The following steps may differ between Android versions. To learn which Android version your device has, find and tap Settings > About phone > Android version. If you do not see About phone under Settings, tap System.
- Restart your device, and then turn Wi-Fi off and then on again.
- Remove any protective case from your device to see if the Wi-Fi signal strength improves.
- Restart the router. Check that your router is Wi-Fi certified. Your device is Wi-Fi certified, so if the router isn’t, the devices may not communicate properly.
- Verify that you are in range of the Wi-Fi router. Check the Wi-Fi signal strength (Wi-Fi icon) in the status bar. If the signal is low, or there is no signal, move closer to the Wi-Fi hotspot, that is, the device that provides the Wi-Fi network.
- Make sure that the router is using the latest software version. Contact the router manufacturer for instructions on how to update the router software.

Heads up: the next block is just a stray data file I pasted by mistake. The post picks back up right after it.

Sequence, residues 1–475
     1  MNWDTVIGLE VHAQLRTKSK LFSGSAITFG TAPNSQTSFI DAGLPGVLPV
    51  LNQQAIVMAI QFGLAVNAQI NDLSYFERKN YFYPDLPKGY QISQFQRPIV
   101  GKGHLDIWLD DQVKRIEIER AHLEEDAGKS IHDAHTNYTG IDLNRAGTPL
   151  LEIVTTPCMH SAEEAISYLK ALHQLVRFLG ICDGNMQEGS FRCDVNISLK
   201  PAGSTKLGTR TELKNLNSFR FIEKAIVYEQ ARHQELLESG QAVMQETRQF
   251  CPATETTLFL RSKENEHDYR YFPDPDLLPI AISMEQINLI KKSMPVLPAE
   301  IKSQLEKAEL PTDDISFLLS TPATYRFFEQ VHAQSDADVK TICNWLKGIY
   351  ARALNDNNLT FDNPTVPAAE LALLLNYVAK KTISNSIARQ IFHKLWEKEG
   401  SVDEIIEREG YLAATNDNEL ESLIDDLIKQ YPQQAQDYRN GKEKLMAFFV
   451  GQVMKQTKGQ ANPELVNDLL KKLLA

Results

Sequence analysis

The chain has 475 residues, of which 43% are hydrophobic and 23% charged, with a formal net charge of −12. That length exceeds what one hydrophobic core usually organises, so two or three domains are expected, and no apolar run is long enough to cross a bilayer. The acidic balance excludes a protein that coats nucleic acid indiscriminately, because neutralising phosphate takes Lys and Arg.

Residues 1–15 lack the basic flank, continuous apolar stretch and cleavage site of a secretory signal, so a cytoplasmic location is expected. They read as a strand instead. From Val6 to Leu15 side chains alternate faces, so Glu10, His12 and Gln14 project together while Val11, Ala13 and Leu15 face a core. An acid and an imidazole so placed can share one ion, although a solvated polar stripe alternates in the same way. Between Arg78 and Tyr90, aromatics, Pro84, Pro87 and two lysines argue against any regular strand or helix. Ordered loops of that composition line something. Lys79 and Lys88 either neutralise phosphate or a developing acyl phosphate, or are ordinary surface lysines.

- Use a static IP address. Contact your internet service provider to ask about the IP address settings.
- Change the Wi-Fi network security of your router to a different security encryption. For instructions on how to change the network security, check the user guide of the router or contact your router manufacturer.
- Make sure that potentially interfering devices or appliances are not placed close to the Wi-Fi router.
Cordless phones, microwave ovens, baby monitors, wireless speakers, monitors and video transmitters that operate in the 2.4 GHz or 5 GHz bandwidth may interfere with a Wi-Fi network. If the problem persists, try changing the router frequency band settings to 5 GHz or 2.4 GHz.
For instructions on how to change router channel settings, check the user guide of the router or contact your router manufacturer.
- Perform a factory data reset. This is sometimes the best solution if your device stops functioning properly, but note that it will delete all personal content saved on the internal memory of your device. Make sure to back up data that you want to keep.